November 16, 2011
We began the first day of the COD Japan conference with two lectures, held on the 45th floor of the Mori Building at Roppongi Hills, designed by KPF. It was a great vantage point to look down on buildings visited in the last few days. The first lecture was by Masami Kobayashi of Meiji University. The title of his talk was Japan & the Tohoku Rebuilding Efforts.
Professor Kobayashi described how Tokyo had grown through centuries of what can only be called calamities– wars, fires, and earthquakes. Parts of the city were damaged or destroyed and then rebuilt. The city, therefore, has the texture of many eras of development layered on top of one another, creating a weaving of old and new, dense development and open space. He described it as a ‘salami pizza city’.
He went on to describe the enormous damage caused in eastern Japan by the recent (March, 2011) earthquake and tsunami. In helping with the reconstruction of the coastal towns destroyed by the tsunami he was finding a unique role for architects. The key, long-term issues are where and how to restore the communities that were destroyed. One key issue he and others are struggling with is that if you build a sea wall high enough to protect a community, you separate them from their key asset, the sea. The other key issue is a tsunami often destroys part of a community (the part lowest and closest to the ocean), leaving developments further back or on hillsides unharmed. The challenge arises in how to integrate sections of rebuilt areas with the older surviving ones.
Through charettes, his team of students and faculty are working to find alternate solutions. One idea is to raise the land; sounds simpler than it probably is. Another idea is to redevelop the low land but provide clear and easy paths out for people, i.e., lose buildings in future tsunamis but not lives. Yet another solution explored how to break a sea wall into sections that would break up waves yet provide views. I was impresses that his group was working toward real solutions to complex, community-oriented issues. The quality of life obtained in the end for the inhabitants, the fabric of the community, was equally as important as the civil engineering solution to the problem.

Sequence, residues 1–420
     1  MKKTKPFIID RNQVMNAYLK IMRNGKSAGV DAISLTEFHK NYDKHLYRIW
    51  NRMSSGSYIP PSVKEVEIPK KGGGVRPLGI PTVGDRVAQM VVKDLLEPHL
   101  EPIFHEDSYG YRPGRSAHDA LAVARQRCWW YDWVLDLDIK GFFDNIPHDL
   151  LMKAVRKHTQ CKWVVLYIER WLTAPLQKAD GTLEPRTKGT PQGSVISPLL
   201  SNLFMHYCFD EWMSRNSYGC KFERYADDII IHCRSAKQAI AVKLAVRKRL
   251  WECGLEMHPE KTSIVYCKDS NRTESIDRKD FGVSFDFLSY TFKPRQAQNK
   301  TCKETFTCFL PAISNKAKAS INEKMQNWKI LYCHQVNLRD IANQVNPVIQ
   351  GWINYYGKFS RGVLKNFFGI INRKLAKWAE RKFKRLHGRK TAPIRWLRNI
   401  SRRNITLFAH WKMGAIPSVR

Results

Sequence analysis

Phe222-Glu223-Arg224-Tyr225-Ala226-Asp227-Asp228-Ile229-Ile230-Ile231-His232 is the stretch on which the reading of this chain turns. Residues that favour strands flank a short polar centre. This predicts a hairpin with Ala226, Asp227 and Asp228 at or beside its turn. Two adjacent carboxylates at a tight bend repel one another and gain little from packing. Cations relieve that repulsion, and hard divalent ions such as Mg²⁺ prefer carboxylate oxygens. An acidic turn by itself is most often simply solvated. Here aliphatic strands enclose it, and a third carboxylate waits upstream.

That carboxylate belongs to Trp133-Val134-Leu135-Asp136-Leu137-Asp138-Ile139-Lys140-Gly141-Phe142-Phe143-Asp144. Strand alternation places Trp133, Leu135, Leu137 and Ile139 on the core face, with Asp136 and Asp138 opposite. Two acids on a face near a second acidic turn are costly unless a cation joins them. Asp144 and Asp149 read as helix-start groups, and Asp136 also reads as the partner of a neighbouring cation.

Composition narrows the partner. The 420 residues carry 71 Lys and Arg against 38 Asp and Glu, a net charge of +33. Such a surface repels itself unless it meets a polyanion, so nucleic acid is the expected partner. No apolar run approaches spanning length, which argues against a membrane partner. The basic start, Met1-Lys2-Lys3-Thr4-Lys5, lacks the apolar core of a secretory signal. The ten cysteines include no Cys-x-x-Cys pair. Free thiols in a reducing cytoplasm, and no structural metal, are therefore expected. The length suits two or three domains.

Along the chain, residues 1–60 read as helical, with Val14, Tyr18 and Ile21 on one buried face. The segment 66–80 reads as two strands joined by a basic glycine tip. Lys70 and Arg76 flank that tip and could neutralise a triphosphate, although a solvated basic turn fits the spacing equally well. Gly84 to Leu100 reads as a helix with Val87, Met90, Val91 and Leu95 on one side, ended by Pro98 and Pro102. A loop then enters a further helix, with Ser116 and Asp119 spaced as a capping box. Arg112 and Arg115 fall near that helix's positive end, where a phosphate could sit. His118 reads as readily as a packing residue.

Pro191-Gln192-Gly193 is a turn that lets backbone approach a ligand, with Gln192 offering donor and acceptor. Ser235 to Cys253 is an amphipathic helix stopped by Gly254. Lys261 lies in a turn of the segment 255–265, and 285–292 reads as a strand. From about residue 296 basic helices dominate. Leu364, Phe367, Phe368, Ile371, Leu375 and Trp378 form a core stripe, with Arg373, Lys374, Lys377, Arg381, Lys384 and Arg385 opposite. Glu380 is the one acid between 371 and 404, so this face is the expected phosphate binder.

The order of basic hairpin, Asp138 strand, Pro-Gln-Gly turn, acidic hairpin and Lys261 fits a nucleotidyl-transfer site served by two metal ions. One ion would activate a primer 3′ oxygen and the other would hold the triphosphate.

The second lecture follows….
Jim Childress FAIA
Another highlight of the day was a visit to the The National Art Center, by Kisho Kurokawa in the Art Triangle of the Roppongi area of Tokyo. On the site of an old army barracks, the building’s glass front meanders around the entry and forms one side of a small urban garden. The other side is enclosed by a modern renovation of a small remnant of the barracks. The curving glass curtain wall, with fritted glass sun shades, seems so simple but must have been a challenge to build. The catwalks on the inside are unfortunate but I assume are required for glass cleaning.
Restaurants, five altogether, include three on top of the concrete cones. The wall between the public lobby and galleries is comprised of back lit glass and fins of wood. The galleries are all lit by indirect lighting in coffers, and are especially bright by western standards. The partitions hang from tracks and sit on adjustable feet so they can be rearranged. I especially liked the exit lights in the floor.
November 15, 2011
One of today’s highlights was visiting what is called the Art Triangle in the Roppongi section of Tokyo. The smallest museum here is the Design Site project by Tadao Ando. It is a one-story building stretched along the edge of a small urban park, designed by EDAW, with a large commercial complex by SOM on the other side of the park. As one would expect, it is beautifully detailed. The roof appears, and feels, like it is steel, with a waterproof coating, and all of the joints ground smooth. The concrete feels like it has been waxed to a smooth, warm, low-luster sheen. The back of the building is all concrete with an impossibly long horizontal window cut into it.
Jim Childress, FAIA
November 13, 2011
The Committee On Design Conference in Japan begins its first day in Tokyo. Having never been to Japan, I am struck by how much the city appears similar to almost any city in the world, except there’s a lot more of it. It seems to stretch to the horizon without any apparent center core. The vast majority of the architecture is understandably modern. With the exception of the Imperial Palace area, it appears to have all been built from 1950 on. I would be hard pressed to say the city feels ‘Japanese’ but it is distinct in how it’s such a wonderful cacophony of buildings all vying for attention.
Some buildings are beautifully crafted, but they are tucked under a viaduct and mixed in cheek to jowl with everything else. This commercial building with a brise soleil of vertical fins that create an appearance of a white building on one side, transparent in the middle, and black on the other side as you pass by.
I don’t know who designed the buildings and garden below, they are not in the guide books, but they are as interesting as the major pieces of architecture.
Others, like the cantilevered box on stilts on the right (below), are just plain weird. However, one has to respect the design energy. Whether you like it personally or not, you have to respect that each are individuals and someone carefully thought about it.
Jim Childress, FAIA